by ferris

The week before my vacation, I thought I'd have a light week for everyweeks by following this OS tutorial in Rust finally, which I've been wanting to do for awhile but never wanted to carve out the time to do it. When I finally started, however, I realized it was pretty annoying to try to follow some of it on OS X.

Because of this and the fact that I've been wanting a dedicated linux machine for awhile, I took a quick drive to Fry's to pick one up. When I got there, I found a small machine with a great form factor and price point - a chromebook! In particular, this chromebook. So, without much further thought, I picked it up and took it home.

That's when I was in for a "treat" - I learned chromebooks aren't particularly linux-friendly out of the box, which I found a bit ridiculous. Most of them (including mine) won't boot from external storage by default, and require some hacking to do so. Luckily, I found this page where someone's prepared a bunch of boot images and a utility to flash the internal chromebook ROM, and included in the supported devices list was my device. Awesome!

So, I open the machine, remove the hardware write-protect screw, and flash the ROM.



Nothing. Zilch. NADA.

The machine warms up a bit but other than that shows no signs of life (there are no LED power indicators etc on this device). Bricked.

While part of me was a bit upset about bricking a new machine, part of me was also excited to learn how to possibly fix this - after all, I flashed the boot ROM, which should be possible to flash back. So, if I had the original ROM, I should be able to fix it, right? Turns out I might have been on to something - back on John's blog, I found a blog entry where he unbricked a similar chromebook by attaching a breakout clip to the chip and flashing it with a bus pirate. I went ahead and ordered some of these clips (as I'm sure they'll be nice to have around in the future as well), and continued looking for solutions.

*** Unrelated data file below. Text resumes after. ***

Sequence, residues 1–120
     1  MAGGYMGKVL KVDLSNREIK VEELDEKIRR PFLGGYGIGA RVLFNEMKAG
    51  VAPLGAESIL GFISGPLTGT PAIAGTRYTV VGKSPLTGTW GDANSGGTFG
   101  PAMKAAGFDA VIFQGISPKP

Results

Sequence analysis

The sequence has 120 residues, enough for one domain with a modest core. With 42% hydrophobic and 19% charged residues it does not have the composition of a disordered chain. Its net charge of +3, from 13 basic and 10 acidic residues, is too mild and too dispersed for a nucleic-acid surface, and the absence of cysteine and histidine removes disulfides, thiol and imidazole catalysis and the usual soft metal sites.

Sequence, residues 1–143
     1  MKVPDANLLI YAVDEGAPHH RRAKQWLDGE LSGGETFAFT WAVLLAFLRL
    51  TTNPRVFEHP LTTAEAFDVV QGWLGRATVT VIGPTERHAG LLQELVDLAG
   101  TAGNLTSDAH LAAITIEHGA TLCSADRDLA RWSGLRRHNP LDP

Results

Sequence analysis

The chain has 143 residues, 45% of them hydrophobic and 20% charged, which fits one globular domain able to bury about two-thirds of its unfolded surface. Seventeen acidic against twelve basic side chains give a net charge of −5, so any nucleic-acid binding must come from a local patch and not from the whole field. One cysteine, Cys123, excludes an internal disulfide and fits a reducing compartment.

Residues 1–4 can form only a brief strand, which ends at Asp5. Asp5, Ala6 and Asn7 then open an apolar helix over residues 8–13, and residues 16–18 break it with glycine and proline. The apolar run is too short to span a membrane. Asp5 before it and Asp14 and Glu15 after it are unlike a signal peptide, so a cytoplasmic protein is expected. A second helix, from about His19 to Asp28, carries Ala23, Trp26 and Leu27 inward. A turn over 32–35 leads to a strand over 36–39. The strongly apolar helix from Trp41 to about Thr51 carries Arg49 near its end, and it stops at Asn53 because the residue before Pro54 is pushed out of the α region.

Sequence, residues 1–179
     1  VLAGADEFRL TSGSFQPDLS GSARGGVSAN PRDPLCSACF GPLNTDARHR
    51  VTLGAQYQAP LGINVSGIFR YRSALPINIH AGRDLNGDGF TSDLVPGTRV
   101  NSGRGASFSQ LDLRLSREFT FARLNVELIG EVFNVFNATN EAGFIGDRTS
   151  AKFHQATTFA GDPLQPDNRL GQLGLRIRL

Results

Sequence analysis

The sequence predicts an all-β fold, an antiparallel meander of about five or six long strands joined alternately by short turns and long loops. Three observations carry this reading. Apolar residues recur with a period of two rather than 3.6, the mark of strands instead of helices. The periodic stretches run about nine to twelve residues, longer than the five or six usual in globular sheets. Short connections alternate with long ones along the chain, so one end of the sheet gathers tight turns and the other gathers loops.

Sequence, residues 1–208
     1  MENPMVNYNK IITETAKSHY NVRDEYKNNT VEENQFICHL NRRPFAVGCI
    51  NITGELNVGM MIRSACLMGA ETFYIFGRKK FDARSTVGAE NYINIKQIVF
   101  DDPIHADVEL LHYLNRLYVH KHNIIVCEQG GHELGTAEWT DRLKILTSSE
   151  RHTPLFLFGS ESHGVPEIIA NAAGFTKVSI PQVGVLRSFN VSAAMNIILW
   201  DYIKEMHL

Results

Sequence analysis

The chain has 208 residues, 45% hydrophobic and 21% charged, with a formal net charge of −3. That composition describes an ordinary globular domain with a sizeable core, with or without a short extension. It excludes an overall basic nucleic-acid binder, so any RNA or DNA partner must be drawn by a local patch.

Unfortunately, I didn't have the original boot ROM. But cheeky Jake with his fresh Christmas bonus at hand had a wonderful idea - buy a second one, and pull the ROM off of that. Wheeee!!

So, I headed back to Fry's, picked up a second one, and pulled the ROM (with some extra pulls just to make sure it was reading consistently) and pushed to a private github repo for backup. Cool.

Now that I had a backup ROM, I thought I'd try to flash the new chromebook's ROM like I did the first, just to make sure it wasn't some fluke. You can probably guess what happened, but basically, I ended up with two large, black, chromebook-sized paperweights.

So, time to look into physically reflashing the ROM again. I looked around at the board to try to find the specific ROM chip, and I found one near the CPU that looked flash-y. A quick google for the part number yields this datasheet, which looks like the right kind of part with the right size storage (8MB, same as the ROM I pulled from the second chromebook). Nice!

Side note: this is when my vacation started, and amidst all the traveling and seeing friends and family, I unfortunately totally forgot my everyweeks and broke my near 20-week streak. Bummer!

Before actually touching any wires, though, I read around a bit and read that when many chromebooks are bricked, they will still boot properly, albeit without certain peripherals (such as the display). I thought it'd be a good idea to see if that was the case here.

If the machine was fine and could still boot from a flash drive, then I could theoretically boot up linux with ssh enabled, ssh into the machine, and reflash the ROM without ever needing the display. So, I just needed a linux usb with ssh. This part was particularly frustrating. I tried for hours with very slow iteration cycles trying to get one of these up and running. Long story short, I ended up making an Ubuntu liveusb, which I used to install Ubuntu onto a second usb (at the small expense of trashing my Windows machine's MBR, but that was fairly easy to fix with a third Win10 restore usb). So, I set up the Ubuntu install with ssh and everything, and ensured that worked on a working test machine.

I then fired up the chromebook again (I think) and tried to boot the USB blind. Unfortunately, nothing happened. No dice.

At this point, the next stage is to try to flash the boot ROM physically. I hopped onto SparkFun and ordered a Raspberry PI 2 (because the chip is SPI, and RPI can communicate with SPI devices over GPIO), a logic level converter, and some various wires etc to hook it all together. So, that will be it for this week - I'll come back to this once those parts have arrived :)

Last Edited on Sun Jan 10 2016 00:15:58 GMT-0500 (EST)

baggers commented

So stoked for the next chapter in this saga!

on Sun Jan 10 2016 18:03:31 GMT-0500 (EST)

Zach Harvest commented

Best of luck. I would have said fuck it lol. I almost did a project like this for a palm pilot but didn't have the funding to get the stuff I needed so it just sat there, fucked and broken.

on Mon Jan 11 2016 10:54:43 GMT-0500 (EST)